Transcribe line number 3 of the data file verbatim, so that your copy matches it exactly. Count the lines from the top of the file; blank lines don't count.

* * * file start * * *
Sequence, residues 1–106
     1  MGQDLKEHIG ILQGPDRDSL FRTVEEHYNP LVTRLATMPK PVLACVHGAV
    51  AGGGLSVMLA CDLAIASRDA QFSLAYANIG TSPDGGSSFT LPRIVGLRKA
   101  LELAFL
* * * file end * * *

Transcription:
    51  AGGGLSVMLA CDLAIASRDA QFSLAYANIG TSPDGGSSFT LPRIVGLRKA